The coal market is heating up in Asia, and North American companies are struggling to capture some of the growth in the region. Australian companies like Macarthur Coal have been able to capitalize on the Chinese need for natural resources. Peabody has entered a bidding war with Noble Energy for Macarthur Coal. The company increased its offer by $300 million from $3.27 to $3.57 billion. Analysts are waiting for the Macarthur’s shareholder meeting on April 12th…
According to Businessweek, “Peabody Energy Corp., the biggest U.S. coal company, increased its takeover offer for Macarthur Coal Ltd. by 8 percent to A$3.56 billion ($3.27 billion) after the Australian company rejected the first bid.
Peabody offered A$14 cash a share, it said in a statement, from A$13. Macarthur, which last traded at A$14.87 before it was halted, last week rejected the initial offer because it didn’t value its expansion plans.
The offer may thwart Noble Group Ltd.’s attempt to become Macarthur’s biggest shareholder in a stock swap for the Hong Kong-based commodity supplier’s Gloucester Coal Ltd. Peabody operates eight mines in Australia’s Queensland and New South Wales states, and is seeking more to feed power stations and steel mills in China, the world’s largest user of coal.
ArcelorMittal, the world’s biggest steelmaker, holds 16.6 percent of Macarthur and South Korea’s Posco owns 8.3 percent, according to data compiled by Bloomberg. Citic Australia Coal Ltd. has 22.4 percent. Peabody is offering alternatives to Macarthur’s three major shareholders should they wish to maintain their holdings in the company.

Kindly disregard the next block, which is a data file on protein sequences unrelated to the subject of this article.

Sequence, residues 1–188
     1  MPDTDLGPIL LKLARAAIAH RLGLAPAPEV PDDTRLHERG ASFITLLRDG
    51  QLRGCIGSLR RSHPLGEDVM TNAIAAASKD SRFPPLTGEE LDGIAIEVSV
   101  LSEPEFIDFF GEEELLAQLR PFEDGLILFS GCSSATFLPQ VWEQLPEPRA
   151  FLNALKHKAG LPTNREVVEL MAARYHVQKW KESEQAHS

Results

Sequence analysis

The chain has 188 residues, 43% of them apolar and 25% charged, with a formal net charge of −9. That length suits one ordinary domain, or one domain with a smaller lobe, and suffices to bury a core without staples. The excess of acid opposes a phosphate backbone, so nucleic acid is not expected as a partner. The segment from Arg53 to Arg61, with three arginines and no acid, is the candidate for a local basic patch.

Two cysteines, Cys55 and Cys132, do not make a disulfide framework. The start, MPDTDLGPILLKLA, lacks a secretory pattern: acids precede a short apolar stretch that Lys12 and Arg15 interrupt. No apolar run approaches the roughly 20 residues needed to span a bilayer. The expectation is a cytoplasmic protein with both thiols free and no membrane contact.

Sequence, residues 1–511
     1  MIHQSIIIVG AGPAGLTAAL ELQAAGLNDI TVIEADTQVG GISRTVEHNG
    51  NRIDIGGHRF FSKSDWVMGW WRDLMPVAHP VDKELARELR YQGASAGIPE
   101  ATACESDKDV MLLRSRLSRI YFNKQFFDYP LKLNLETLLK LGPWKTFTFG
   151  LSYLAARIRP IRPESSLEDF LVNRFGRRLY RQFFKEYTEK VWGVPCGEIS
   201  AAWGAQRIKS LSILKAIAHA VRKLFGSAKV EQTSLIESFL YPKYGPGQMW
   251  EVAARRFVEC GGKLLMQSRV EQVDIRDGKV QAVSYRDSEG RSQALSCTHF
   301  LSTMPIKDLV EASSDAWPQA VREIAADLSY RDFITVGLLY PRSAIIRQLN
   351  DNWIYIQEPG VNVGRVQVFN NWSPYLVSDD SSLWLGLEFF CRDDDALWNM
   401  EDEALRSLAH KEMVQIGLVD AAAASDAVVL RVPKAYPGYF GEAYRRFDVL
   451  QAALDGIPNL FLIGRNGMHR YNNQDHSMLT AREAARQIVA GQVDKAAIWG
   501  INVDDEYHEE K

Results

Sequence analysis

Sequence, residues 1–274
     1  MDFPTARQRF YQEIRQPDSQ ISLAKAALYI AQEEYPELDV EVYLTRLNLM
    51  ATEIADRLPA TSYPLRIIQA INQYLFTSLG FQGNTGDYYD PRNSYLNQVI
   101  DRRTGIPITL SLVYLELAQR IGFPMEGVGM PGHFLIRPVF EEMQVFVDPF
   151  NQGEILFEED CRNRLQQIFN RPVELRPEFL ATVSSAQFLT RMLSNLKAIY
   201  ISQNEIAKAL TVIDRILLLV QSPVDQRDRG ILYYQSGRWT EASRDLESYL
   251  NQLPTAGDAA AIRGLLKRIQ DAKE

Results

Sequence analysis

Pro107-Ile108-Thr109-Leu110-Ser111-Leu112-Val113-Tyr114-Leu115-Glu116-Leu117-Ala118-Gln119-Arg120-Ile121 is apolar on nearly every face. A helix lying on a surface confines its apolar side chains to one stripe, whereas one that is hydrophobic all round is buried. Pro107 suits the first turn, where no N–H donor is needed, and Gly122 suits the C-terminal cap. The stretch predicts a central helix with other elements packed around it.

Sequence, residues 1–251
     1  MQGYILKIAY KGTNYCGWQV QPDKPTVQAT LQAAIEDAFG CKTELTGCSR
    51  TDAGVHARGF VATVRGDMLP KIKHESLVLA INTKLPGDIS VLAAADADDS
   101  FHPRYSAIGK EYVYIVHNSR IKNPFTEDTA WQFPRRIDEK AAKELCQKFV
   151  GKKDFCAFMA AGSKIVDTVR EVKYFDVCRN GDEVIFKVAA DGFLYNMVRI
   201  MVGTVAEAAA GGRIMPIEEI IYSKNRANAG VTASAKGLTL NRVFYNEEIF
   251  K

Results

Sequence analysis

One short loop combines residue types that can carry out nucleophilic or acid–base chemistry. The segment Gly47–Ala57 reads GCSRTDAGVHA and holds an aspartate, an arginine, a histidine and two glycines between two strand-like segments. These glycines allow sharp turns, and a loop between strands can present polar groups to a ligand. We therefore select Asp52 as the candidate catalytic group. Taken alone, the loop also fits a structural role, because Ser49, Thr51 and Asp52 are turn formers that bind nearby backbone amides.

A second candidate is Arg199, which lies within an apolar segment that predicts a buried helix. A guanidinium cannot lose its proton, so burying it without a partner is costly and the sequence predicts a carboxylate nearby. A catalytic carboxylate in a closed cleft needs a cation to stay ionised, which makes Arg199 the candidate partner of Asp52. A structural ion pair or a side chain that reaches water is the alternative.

Macarthur is the world’s biggest supplier of pulverized coal used by steelmakers. Peabody wants Macarthur to delay an April 12 shareholder meeting when investors will vote on the Gloucester and Noble deal.
Separately, Noble backed by China’s $300 billion sovereign wealth fund, moved to secure full ownership of Gloucester by offering A$127 million, or A$12.60 a share, for the 12.3 percent of Gloucester it doesn’t own, Singapore-based Noble said today in a statement. Gloucester, halted from trading in Sydney, last traded on April 1 at A$9.31.”
According to Peabody, “This represents: a 44% premium to A$9.70 per share, the price at which Macarthur agreed to issue shares to Noble Group in relation to the Gloucester takeover offer (and provide board representation);
a 39% premium to A$10.04 per share, the closing share price of Macarthur on 25 February 2010, just prior to the release of the Lonergan Edwards Independent Expert’s Report;
up to a 42% premium to the valuation range for Macarthur determined by the Independent Expert, based on a 100% controlling interest; and
a 22% premium to A$11.48 per share, which was the 30-day volume-weighted average share price through 30 March 2010, when Macarthur announced Peabody’s original proposal.
Peabody has also reduced the conditionality of the proposal. While Peabody continues to offer alternatives to the three major shareholders to retain their original interest in Macarthur, Peabody’s offer is not contingent on their commitment provided the Macarthur Board supports our proposal.
Peabody today repeated its request to the Macarthur Board to delay its 12 April 2010 shareholders’ meeting, so that its shareholders may have the opportunity to consider Peabody’s proposal and realize a cash premium for their shares.